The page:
Humans with Atherosclerosis have Impaired ABCA1 Cholesterol Efflux and Enhanced HDL Oxidation by Myeloperoxidase
Rationale: The efflux capacity of HDL with cultured macrophages associates strongly and negatively with CAD status, indicating that impaired sterol efflux capacity might be a marker—and perhaps mediator—of atherosclerotic burden. However, the mechanisms that contribute to impaired sterol efflux capacity remain poorly understood.
Objective: To determine the relationship between myeloperoxidase-mediated oxidative damage to apoA-I, the major HDL protein, and the ability of HDL to remove cellular cholesterol by the ABCA1 pathway.
Methods and Results: We quantified both site-specific oxidation of apoA-I and HDL's ABCA1 cholesterol efflux capacity in control subjects and subjects with stable coronary artery disease or acute coronary syndrome. The CAD and ACS subjects had higher levels of chlorinated tyrosine-192 and oxidized methionine-148 than the control subjects. In contrast, plasma levels of MPO did not differ between the groups. HDL from the CAD and ACS subjects was less able to accept cholesterol from cells expressing ABCA1 than HDL from control subjects. Levels of chlorinated tyrosine and oxidized methionine associated inversely with ABCA1 efflux capacity and positively with atherosclerotic disease status. These differences remained significant after adjusting for HDL-cholesterol levels.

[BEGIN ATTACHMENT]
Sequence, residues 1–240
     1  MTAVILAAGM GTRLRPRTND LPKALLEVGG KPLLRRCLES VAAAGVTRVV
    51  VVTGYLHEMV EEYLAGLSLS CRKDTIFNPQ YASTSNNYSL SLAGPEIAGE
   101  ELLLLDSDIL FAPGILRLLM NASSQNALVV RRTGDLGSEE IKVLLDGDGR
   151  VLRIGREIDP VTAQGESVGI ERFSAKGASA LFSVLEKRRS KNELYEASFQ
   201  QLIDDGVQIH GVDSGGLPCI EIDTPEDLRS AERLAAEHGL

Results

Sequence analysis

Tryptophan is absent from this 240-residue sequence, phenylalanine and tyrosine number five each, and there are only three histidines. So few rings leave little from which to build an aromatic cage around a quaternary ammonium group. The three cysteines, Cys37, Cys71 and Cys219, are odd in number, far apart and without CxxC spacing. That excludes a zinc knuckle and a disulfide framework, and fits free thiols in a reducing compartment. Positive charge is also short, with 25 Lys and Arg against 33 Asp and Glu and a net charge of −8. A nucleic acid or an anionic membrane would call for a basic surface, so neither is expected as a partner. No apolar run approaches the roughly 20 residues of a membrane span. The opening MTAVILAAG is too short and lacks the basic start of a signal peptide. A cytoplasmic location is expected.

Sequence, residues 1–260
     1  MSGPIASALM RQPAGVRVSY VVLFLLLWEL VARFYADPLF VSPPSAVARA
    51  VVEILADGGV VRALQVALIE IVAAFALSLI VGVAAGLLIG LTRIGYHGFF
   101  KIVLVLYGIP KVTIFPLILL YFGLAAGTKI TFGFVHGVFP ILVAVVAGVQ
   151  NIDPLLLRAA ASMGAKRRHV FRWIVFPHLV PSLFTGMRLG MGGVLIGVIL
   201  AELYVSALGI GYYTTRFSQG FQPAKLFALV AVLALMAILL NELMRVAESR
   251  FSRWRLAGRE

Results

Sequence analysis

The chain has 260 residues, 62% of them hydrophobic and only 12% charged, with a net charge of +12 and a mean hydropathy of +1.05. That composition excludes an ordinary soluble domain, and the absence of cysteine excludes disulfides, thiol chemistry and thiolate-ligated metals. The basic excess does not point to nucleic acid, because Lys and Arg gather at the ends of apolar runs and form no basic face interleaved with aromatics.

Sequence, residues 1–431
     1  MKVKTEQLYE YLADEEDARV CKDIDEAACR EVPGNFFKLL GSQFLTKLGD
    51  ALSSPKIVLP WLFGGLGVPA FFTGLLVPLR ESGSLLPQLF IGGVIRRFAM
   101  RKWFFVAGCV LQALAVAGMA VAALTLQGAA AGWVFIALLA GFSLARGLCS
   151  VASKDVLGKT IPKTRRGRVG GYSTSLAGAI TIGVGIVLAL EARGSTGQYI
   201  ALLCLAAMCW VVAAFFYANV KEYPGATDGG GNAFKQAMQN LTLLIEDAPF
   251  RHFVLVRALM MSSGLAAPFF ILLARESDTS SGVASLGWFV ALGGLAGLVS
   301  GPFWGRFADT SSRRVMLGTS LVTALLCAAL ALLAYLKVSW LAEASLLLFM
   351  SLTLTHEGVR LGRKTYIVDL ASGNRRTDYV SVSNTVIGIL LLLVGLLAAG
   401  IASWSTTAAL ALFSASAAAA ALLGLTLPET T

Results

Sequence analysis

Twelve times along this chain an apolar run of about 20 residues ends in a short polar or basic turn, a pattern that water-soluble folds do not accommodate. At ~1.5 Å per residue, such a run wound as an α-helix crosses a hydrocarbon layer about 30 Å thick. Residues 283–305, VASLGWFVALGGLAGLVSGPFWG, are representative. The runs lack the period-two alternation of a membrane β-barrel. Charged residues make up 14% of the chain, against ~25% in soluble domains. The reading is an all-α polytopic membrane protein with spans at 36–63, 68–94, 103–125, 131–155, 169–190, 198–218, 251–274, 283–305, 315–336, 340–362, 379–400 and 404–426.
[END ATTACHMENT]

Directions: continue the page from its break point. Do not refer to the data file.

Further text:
Conclusions: Our observations indicate that MPO may contribute to the generation of dysfunctional HDL with impaired ABCA1 efflux capacity in humans with atherosclerosis. Quantification of chlorotyrosine and oxidized methionine in circulating HDL might be useful indicators of the risk of cardiovascular disease that are independent of HDL-cholesterol.
- selected reaction monitoring
- acute coronary syndrome
- cardiovascular disease
- mass spectrometry
- Received January 13, 2014.
- Revision received February 26, 2014.
- Accepted March 19, 2014.